Minnesota takes a break from not-so-friendly Williams Arena

The Gophers will head to Madison after losing four of five games at home.

Befuddled with the way the Minnesota men’s basketball team has played at Williams Arena during its Big Ten slate, senior center Spencer Tollackson said, after the Gophers’ worst loss of the season Tuesday night, that he’d rather play on the road than at home.

His wish will be granted Saturday when Minnesota, who has lost four out of five games at the Barn, travel to Madison to take on No. 15 Wisconsin at the Kohl Center.

After going 7-0 at Williams during the nonconference season, Minnesota is just 2-4 at home for conference games, which includes a 63-47 loss to the Badgers (19-4 overall, 9-2 Big Ten) on Feb. 3.

Strangely enough, the Gophers (15-8, 5-6) – who won just one road game a year ago – have won three of their last four on the road, including back-to-back double-digit victories at Michigan and Northwestern.

“The way we have been performing lately, I’d almost rather play on the road right now,” Tollackson said. “Let’s go to the Kohl Center.”

Intriguing to watch

Whether winning or losing, Minnesota’s two freshmen – point guard Al Nolen and shooting guard Blake Hoffarber – continue to show signs of development.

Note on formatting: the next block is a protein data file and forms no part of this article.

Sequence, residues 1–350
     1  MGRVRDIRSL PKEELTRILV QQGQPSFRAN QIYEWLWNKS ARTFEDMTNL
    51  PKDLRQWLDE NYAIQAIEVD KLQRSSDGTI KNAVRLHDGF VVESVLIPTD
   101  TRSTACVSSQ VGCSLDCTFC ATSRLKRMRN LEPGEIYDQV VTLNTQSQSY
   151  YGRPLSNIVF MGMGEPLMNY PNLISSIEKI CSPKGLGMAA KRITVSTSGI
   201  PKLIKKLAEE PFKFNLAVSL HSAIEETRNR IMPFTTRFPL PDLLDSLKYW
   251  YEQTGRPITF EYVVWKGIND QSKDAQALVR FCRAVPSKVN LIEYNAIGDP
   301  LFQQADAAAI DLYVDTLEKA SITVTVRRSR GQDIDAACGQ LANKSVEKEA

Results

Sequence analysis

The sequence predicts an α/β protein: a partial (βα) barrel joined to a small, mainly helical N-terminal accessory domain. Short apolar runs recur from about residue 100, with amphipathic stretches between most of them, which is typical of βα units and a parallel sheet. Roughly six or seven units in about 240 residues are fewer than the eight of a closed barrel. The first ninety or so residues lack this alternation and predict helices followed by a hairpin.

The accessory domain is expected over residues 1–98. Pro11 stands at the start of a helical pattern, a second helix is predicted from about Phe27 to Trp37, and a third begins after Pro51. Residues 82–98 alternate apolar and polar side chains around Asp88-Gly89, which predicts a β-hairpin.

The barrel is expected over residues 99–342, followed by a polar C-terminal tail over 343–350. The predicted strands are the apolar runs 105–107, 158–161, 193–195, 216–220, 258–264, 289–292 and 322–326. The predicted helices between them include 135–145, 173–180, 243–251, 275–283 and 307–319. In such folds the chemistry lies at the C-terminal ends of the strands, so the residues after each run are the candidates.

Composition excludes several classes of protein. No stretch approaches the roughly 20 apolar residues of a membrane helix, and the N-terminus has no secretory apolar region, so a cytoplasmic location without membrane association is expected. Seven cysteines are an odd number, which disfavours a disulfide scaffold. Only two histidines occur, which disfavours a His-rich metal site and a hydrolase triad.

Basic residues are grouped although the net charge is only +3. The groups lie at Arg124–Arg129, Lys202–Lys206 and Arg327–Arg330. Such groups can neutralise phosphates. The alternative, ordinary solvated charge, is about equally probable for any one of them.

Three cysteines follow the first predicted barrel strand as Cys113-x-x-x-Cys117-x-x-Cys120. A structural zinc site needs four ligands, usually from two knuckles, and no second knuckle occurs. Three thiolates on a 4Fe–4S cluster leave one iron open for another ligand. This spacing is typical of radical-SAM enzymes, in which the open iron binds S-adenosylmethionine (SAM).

In the Gophers’ lackluster performance Tuesday night, an 84-60 loss to Illinois, Nolen and Hoffarber’s playing stood out. Nolen scored eight points and added five assists while playing for a team-high of 30 minutes.

Although many of his baskets came when the game was out-of-reach, Hoffarber had a team-high 11 points.

In Saturday’s 63-50 win over Iowa, the freshmen duo was even more impressive.

Nolen put up a beastly line: 11 points, a career-high eight assists, four rebounds and three steals. Hoffarber finished with eight points, but hit a vital three-pointer to sink the Hawkeyes with 2:49 left in the game.

After getting off to more-than-solid starts in their first year for the Gophers, Nolen and Hoffarber’s production started to dip a few weeks ago. This happened right around the time outsider college basketball experts suggest the “freshman wall” kicks in, due to first year players not used to playing more games than they did in high school.

Nolen said he and Hoffarber have had talks about the “freshman wall” in recent weeks.

“I believe in the freshman wall a little bit,” Nolen said. “You come out with energy at first, but (the season) starts to wear on you a little bit.”

“Me and Blake talk about it – how rigorous the Big Ten is – how physical it is. We always talk after practice about how hurt we are,” he said. “We are supposed to be Energizer bunnies right now, but we always talk about how rough (the Big Ten schedule) is.”

Nolen admits he may have hit some sort of wall in late January, but still entered the week leading the Big Ten in steals with 2.3 per game, a feat not lost on coach Tubby Smith.

“His anticipation, his instincts around the ball, they’ve really made plays for us and won some close games,” Smith said.